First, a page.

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Images of electron orbitals for H2, He, Li and Li2?

  1. Dec 26, 2012 #1
    Is there some resource on the net where I can find images of electron orbitals for dihydrogen (H2), helium (He), lithium (Li) and dilithium (Li2)? Alternatively if there is some software that can produce such images, that would be good too.
  2. jcsd
  3. Dec 28, 2012 #2
    No one knows, so I guess it doesn't exist. But how can that be, is QM not supposed to be able to produce those kind of images?

    All I could find are images like these below, but of what use is that, what does that tell us about H2 molecule or Li atom for example? What does that even tell us about single hydrogen atom?

    http://www.webelements.com/shop/shopimages/products/normal/POS0007-A2-orbitron-2010.jpg [Broken]

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  4. Dec 28, 2012 #3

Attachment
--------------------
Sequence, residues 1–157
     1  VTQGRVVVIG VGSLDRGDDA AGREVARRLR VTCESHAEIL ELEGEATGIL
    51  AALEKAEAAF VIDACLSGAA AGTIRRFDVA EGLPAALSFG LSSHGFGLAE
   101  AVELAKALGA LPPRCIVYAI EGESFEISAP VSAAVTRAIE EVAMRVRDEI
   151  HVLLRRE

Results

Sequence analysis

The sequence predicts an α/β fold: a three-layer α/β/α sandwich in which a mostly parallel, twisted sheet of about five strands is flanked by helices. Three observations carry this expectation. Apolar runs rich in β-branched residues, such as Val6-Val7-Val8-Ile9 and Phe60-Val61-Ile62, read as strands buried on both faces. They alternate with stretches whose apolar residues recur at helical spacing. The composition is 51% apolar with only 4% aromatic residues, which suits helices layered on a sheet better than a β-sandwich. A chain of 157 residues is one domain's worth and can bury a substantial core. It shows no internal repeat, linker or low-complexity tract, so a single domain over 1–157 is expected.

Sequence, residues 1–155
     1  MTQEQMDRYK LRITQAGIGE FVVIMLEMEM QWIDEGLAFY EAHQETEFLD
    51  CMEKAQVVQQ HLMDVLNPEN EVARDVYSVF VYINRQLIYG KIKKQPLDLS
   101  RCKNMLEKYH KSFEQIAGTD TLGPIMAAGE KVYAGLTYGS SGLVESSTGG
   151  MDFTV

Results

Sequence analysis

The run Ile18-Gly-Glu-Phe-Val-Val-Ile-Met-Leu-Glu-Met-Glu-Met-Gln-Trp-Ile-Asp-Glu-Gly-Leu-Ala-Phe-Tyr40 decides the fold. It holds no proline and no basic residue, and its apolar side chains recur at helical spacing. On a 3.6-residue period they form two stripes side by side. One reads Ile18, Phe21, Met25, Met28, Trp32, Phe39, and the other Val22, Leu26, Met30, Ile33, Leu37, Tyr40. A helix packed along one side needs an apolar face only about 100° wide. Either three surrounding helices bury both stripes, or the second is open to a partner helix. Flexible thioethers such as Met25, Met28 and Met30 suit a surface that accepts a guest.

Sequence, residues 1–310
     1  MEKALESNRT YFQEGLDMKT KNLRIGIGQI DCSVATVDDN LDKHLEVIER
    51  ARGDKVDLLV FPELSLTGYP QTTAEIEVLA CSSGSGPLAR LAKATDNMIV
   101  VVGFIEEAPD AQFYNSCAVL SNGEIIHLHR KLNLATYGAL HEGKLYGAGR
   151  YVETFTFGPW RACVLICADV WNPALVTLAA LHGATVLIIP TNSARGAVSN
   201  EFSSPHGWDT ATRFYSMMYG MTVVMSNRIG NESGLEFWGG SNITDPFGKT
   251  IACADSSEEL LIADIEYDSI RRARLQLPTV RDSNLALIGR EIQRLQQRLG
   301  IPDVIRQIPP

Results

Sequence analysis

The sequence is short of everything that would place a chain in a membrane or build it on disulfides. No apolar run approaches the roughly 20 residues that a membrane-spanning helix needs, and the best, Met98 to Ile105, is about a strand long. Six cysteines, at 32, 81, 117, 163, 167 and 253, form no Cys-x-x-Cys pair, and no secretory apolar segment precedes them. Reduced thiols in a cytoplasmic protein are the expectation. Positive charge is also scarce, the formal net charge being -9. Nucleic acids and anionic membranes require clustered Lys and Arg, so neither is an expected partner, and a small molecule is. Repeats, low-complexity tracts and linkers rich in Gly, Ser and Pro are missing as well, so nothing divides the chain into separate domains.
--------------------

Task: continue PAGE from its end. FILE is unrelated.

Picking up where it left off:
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  5. Dec 28, 2012 #4
    I think most pchem books would have representations of the approximate solutions for multi-electron atoms (the only case where "orbitals" have "meaning"), especially H2. Or, you can use any electronic structure software package (gaussian, nwchem etc) to do these calculations and look at the solutions. For systems like this, it will literally take two seconds. Of course, you'll have to use either hartree-fock theory and see the solutions for cases without correlation effects or density functional theory and see solutions with some amount of correlation and some (likely incorrect) exchange effects. Higher order methods don't really have meaningful orbitals.